Memoir and the Re-reading of Fiction: Rudy Wiebe’s of this earth and Peace Shall Destroy Many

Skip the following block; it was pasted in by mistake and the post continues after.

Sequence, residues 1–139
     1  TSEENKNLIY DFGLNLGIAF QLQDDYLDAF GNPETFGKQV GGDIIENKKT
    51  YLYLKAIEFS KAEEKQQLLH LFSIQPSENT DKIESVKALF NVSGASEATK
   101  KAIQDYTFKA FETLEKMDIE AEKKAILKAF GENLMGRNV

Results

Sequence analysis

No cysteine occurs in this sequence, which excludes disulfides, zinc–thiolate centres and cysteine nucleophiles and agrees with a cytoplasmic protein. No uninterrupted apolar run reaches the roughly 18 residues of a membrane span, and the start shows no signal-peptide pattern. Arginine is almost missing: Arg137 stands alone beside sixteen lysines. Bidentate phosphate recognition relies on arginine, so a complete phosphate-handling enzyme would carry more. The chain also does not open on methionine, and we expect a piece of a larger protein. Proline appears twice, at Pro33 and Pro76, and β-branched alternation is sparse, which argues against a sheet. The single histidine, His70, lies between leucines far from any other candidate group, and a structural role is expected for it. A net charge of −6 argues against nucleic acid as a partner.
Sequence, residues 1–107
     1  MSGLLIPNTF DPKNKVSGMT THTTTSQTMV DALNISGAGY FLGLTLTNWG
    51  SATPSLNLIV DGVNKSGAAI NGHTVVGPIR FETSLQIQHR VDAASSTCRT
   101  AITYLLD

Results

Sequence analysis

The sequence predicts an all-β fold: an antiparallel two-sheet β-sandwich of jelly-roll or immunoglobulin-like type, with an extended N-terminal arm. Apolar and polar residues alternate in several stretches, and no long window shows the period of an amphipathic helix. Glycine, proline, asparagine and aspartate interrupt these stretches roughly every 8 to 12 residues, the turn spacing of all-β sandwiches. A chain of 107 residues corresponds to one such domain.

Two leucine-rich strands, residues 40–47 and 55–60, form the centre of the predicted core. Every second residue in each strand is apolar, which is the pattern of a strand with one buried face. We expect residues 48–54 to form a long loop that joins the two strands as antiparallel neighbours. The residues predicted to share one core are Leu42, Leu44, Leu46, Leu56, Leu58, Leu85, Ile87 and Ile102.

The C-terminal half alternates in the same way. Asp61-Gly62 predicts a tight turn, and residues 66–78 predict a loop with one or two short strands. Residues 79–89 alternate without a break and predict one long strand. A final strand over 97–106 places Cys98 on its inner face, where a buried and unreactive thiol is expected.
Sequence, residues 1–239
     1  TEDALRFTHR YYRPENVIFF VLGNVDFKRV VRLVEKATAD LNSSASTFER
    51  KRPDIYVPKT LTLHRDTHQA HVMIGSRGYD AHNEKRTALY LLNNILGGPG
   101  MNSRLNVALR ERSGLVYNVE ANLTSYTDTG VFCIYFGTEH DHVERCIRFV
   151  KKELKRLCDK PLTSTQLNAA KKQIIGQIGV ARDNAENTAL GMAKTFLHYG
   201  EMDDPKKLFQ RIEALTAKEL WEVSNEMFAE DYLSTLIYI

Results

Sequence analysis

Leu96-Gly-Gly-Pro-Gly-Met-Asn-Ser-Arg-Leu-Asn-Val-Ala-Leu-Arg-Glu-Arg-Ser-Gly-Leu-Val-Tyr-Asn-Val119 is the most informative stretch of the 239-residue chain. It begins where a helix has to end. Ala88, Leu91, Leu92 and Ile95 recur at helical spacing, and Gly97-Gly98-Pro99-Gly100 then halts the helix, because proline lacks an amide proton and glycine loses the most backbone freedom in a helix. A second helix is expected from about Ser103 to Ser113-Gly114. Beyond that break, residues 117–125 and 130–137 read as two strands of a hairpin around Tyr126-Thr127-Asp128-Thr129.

Canadian novelist Rudy Wiebe’s award-winning memoir, of this earth: A Mennonite Boyhood in the Boreal Forest (2006), invites readers into a warm subjective realm in which a meditative Wiebe (b. 1934) recounts his growing-up years from birth to age thirteen. As self-reflexive “rememberer,” Wiebe explores the sensate freshness of a boy’s ways of seeing, touching, and, not least, hearing the world. The young Wiebe lives with his parents and siblings and neighbours in an emotionally warm Christian community of 1920s immigrants to Canada who have fled from the Soviet Union in the wake of the 1917 Revolution and who struggle for economic survival in a remote corner of rural Saskatchewan during the 1930s and 1940s. But Wiebe’s memoir of childhood is not only autobiography and social history; it is also a linguistic text that subtly invites readers to look beyond its textual boundaries to his earlier work. In particular, it has the effect of carrying alert readers back to the setting – at least physically and geographically if not altogether socially and culturally – of Wiebe’s first novel, Peace Shall Destroy Many (1962). That early novel was a caustic work notoriously controversial especially among Mennonite readers in Canada when it appeared almost a half-century ago. The 2006 memoir – with intertextual allusion – invites readers to recall especially one layer of that early novel barely noticed by readers, a layer eclipsed and partially hidden by the dominant narrative. Specifically, it invites readers to see the virtually sinless and prelapsarian world of the idealistic young Hal Wiens whose idyllic life in the fictional spaces of Peace Shall Destroy Many goes unnoticed because it is so very much in the shadow of the doubts and tensions that inform the much larger world of his spiritually troubled older brother, nineteen-year old Thom Wiens. The memoir pushes readers into re-thinking the reception of that novel, and into finding anew beneath its severe and satiric treatment of the austere adult world the linguistic and spiritual joy of life given shape in the playful perceptions of the young Hal. The memoir becomes a stimulus for a transformational re-reading of the novel. This essay explores the two works in light of each other and of conventions that govern the two respective genres. It attempts, also, to account for the reading strategies that Wiebe’s 2006 memoir proposes to readers of his first novel, and for key infuences informing the two respective works.